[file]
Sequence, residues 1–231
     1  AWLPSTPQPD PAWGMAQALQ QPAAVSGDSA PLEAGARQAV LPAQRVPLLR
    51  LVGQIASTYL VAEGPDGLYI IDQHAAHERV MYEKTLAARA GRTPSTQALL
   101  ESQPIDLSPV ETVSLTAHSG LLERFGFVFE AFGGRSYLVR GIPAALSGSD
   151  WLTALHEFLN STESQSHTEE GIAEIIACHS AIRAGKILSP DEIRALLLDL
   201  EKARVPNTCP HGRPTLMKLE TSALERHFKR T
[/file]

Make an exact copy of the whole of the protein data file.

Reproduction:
Sequence, residues 1–231
     1  AWLPSTPQPD PAWGMAQALQ QPAAVSGDSA PLEAGARQAV LPAQRVPLLR
    51  LVGQIASTYL VAEGPDGLYI IDQHAAHERV MYEKTLAARA GRTPSTQALL
   101  ESQPIDLSPV ETVSLTAHSG LLERFGFVFE AFGGRSYLVR GIPAALSGSD
   151  WLTALHEFLN STESQSHTEE GIAEIIACHS AIRAGKILSP DEIRALLLDL
   201  EKARVPNTCP HGRPTLMKLE TSALERHFKR T